Under the head "IT Framework", the Govt hopes to finalise the backend IT systems of banks, RBI, Central & State accounting authorities by November-end. The CBEC and nine States hope to wind up their IT backbones by December-end. By January, 2017, the GST portal and its frontend IT modules as well as backend IT systems of 22 States and UTs are expected to be put in place. Since the target for the GST Network (GSTN) is very tight, the CBEC has, earlier this week, circulated the Draft Rules and Formats for Returns, Registration, Payment, Refund and ITC mismatching. The GST Council is likely to approve all these draft rules as they are subsidiary legislations and are desperately required by the GSTN to develop its software and the backend systems.
Let's now move to the vital decision on the thresholds under GST. No doubt, there were some expert recommendations for higher exemption limit but poor and underdeveloped States have for long been advocating lower threshold as a higher limit would have wiped off their tax base. Although there was an acute realisation among most of the Members that as much as 65% of their tax base barely contributes about TWO per cent of their revenue but the reality of having a few thousand quality and paying assessees scared most of them. Fearing adverse political fall-out, they prevailed over the Centre to compromise for a lower limit of Rs 20 lakh in place of Rs 25 lakh as talked about initially. Even for the Centre, which has a large tax collection machinery today, as high as 72% of its service tax assessees account for less than THREE per cent of total service tax collections. Anyway, a consensus was developed for Rs 10 lakhs for the Special Provision 11 States and Rs 20 lakhs for the others.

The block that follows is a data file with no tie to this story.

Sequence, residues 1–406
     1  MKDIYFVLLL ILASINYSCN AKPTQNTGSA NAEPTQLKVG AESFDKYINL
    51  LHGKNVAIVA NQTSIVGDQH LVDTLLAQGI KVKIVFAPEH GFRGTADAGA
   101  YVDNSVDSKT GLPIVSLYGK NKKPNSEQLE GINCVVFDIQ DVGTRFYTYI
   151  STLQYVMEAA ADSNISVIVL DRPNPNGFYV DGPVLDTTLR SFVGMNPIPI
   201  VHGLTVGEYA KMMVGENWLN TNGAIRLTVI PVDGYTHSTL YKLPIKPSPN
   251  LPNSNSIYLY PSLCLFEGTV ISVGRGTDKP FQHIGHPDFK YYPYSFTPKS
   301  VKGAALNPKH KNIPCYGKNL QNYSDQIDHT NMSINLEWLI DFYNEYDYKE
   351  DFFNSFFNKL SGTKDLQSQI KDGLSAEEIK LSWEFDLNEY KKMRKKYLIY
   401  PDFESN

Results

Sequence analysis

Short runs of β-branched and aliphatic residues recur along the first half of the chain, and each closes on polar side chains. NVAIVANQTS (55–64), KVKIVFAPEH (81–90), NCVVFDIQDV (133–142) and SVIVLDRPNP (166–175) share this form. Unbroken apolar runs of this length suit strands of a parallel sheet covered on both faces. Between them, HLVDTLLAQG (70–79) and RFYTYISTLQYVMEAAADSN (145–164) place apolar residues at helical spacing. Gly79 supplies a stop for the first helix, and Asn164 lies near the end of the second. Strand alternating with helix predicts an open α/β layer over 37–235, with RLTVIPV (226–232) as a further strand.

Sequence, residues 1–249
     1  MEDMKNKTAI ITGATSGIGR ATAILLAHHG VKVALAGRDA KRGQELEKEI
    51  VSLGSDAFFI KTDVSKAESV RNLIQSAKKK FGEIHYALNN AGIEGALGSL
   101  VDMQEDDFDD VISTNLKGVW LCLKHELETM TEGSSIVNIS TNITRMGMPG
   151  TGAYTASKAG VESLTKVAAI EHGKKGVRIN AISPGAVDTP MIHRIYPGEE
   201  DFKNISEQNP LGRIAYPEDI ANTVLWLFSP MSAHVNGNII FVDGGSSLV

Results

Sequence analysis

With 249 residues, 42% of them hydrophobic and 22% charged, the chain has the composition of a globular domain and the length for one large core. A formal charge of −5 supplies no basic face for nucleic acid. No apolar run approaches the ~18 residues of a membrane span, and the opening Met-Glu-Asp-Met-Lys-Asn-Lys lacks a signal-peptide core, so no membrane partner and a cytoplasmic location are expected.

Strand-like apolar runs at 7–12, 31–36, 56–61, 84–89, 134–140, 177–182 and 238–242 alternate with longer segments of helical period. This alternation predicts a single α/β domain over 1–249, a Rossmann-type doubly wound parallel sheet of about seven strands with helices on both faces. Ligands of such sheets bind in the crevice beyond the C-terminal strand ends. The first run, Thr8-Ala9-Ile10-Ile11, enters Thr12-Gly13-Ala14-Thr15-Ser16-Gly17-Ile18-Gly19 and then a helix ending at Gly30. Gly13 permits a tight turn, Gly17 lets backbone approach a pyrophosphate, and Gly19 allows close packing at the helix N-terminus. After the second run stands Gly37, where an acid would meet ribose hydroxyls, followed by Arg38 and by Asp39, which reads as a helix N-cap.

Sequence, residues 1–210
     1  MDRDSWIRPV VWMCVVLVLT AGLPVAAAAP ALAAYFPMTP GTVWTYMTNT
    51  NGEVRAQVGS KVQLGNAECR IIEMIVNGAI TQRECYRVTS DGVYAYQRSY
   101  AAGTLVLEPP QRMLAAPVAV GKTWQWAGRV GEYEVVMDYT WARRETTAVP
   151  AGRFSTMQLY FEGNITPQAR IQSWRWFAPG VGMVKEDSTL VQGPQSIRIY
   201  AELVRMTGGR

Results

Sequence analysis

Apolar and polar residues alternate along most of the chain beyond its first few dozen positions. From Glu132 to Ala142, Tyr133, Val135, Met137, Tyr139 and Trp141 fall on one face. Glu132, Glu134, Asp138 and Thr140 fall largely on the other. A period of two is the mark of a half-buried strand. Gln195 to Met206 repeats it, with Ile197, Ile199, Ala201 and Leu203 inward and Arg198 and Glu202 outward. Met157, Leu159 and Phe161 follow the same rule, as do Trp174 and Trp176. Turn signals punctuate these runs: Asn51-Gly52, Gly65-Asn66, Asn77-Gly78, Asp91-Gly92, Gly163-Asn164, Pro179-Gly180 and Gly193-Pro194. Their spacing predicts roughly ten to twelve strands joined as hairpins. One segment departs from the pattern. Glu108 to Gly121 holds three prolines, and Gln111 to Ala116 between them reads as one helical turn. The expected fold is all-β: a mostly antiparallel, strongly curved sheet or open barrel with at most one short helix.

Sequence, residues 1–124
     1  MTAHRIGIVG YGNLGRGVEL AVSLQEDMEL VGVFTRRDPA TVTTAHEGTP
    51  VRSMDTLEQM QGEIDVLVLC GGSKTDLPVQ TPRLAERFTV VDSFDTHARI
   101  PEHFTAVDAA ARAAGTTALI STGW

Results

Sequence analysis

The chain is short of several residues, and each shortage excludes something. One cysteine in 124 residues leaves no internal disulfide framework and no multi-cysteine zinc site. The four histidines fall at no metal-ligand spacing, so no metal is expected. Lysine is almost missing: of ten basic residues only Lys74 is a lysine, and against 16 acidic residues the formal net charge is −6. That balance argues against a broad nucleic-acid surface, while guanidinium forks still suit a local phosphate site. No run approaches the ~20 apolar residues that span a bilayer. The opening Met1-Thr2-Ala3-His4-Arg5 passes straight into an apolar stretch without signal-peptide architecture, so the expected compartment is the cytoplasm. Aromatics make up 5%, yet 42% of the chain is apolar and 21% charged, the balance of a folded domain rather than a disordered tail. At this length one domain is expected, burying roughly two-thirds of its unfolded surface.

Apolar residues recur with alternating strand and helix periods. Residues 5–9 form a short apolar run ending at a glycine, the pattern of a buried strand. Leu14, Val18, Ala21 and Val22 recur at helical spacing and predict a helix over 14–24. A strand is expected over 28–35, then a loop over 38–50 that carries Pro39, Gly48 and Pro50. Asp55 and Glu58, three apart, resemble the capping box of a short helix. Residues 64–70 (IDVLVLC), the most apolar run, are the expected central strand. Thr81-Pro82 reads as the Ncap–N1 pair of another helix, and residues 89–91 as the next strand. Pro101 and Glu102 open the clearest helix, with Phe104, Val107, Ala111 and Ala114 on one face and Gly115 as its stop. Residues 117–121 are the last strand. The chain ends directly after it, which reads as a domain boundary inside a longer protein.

Then popped up the issue of Composition Scheme for small taxpayers. Although the Union of India was in favour of Rs 75 lakhs but a consensus was arrived at for a figure of Rs 50 lakh. However, the tax rate was left open to be decided later - either one or two per cent. Since many States insisted on making this Scheme exclusive for the TRADERS, the Centre saw its interest being protected by exiting the service providers and manufacturers. In any case, such a scheme does not exist even now for service providers.
Next on the agenda was the most contentious issue of compensation to States in lieu of revenue loss if any. A good number of States wanted the current year as the BASE YEAR but the Centre pointed out the instances of many States hiking the VAT rates in the recent months, perhaps only to claim higher compensation. So, a consensus was developed for the previous fiscal - 2015-16. However, no consensus could be achieved over the next parameter of computing the projected growth rate in revenue. The Centre's proposal was to go for an average of last three fiscals, including the current one. Since it is a sensitive issue for the States, no decision was pushed through and may be discussed later by the Council. However, once it is finalised, the Council is going to recommend a Compensation Bill to be tabled in the Parliament along with other legislations.